London-based bike taxi and delivery service can continue towards overfunding of up to £500,000

Cargo bike taxi and delivery service has smashed its Crowdcube target of £150,000 – just hours before holding a party to celebrate the launch of its campaign on the crowdfunded investment platform at London’s Look Mum No Hands this evening.

The company’s electric-assist cargo bikes are now a familiar sight on the capital’s streets, mostly operating within a five-mile radius of Waterloo Bridge, although it is not unusual to spot them further afield.

The popularity of the app-based service means funds are needed not only to fulfil demand in London but also to expand into other cities both in the UK and abroad.

In bike taxi mode, the company’s riders can transport two adults - they've even done a number of weddings, transporting newly-married couples -while for cargo, it says it can convey “pretty much any load that doesn't need a forklift truck (and some that do).”

One of its main marketing points being that it provides a more environmentally friendly – not to mention quicker – service than rivals that rely on motor vehicles.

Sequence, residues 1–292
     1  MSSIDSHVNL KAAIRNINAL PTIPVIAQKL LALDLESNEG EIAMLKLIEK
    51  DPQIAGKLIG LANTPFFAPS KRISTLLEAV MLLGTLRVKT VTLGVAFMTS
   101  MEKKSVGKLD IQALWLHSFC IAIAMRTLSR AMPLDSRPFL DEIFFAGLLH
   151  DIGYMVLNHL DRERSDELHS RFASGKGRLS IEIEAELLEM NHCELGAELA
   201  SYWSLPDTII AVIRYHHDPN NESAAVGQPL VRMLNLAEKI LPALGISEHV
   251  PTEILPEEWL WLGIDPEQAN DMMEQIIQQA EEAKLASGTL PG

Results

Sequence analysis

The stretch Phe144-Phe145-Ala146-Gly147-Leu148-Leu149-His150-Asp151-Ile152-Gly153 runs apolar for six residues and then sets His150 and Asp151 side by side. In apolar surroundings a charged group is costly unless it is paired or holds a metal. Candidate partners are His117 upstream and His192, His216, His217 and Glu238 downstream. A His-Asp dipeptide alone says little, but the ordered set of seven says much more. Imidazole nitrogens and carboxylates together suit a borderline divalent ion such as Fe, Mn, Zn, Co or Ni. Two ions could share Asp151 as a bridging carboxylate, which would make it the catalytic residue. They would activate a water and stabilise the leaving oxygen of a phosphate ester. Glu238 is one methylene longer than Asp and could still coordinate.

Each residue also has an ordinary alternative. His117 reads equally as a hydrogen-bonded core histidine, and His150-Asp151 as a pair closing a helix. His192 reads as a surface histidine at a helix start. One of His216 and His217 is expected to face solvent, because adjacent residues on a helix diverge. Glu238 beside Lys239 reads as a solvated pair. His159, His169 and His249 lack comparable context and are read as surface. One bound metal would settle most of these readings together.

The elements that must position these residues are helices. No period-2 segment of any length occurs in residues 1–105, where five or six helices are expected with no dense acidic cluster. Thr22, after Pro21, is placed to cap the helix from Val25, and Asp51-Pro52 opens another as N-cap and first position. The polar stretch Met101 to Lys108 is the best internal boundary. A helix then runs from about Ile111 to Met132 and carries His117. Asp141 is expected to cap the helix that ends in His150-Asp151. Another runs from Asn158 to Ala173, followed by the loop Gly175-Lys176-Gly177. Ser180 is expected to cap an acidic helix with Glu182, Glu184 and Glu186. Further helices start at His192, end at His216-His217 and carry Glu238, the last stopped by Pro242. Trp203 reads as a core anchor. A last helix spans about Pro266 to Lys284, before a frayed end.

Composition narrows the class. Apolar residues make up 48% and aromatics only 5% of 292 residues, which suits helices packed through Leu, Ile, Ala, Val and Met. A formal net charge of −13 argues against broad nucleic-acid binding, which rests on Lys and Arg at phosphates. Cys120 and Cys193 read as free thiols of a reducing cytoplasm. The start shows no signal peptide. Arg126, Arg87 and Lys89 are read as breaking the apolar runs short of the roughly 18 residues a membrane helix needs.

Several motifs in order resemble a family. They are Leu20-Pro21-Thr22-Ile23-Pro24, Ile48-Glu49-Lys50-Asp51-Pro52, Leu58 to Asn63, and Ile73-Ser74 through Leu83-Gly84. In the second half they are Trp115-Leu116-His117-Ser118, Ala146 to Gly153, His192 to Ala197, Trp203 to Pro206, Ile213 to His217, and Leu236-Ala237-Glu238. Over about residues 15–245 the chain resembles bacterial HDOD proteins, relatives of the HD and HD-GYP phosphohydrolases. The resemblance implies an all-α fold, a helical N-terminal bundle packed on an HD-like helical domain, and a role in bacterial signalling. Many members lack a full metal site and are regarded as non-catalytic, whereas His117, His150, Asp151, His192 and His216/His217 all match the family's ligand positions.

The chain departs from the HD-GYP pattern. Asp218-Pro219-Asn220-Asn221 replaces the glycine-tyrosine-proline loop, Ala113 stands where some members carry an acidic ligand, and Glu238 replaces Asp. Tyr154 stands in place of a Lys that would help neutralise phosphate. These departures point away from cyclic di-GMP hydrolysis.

For the 12 months to September 2018, Pedal Me carried out 18,600 jobs, with 24% compound monthly growth rate.

The investment will enable the company to add a minimum of 30 bikes in London, enabling faster pick-up times – it is aiming for a maximum of eight minutes within a three-mile radius from the centre of the city – and for jobs to be pulled, bringing down prices.

The money raised on Crowdcube now stands at around £156,000 from more than 200 investors with 25 days left to run of the campaign.

Pedal Me – founded just 18 months ago – said on Twitter today that it is allowed to raise up to £500,000 through this funding round, “to allow us to expand faster and further - increasing our impact.”

Born in Scotland, Simon moved to London aged seven and now lives in the Oxfordshire Cotswolds with his miniature schnauzer, Elodie. He fell in love with cycling one Saturday morning in 1994 while living in Italy when Milan-San Remo went past his front door. A daily cycle commuter in London back before riding to work started to boom, he's been news editor at road.cc since 2009. Handily for work, he speaks French and Italian. He doesn't get to ride his Colnago as often as he'd like, and freely admits he's much more adept at cooking than fettling with bikes.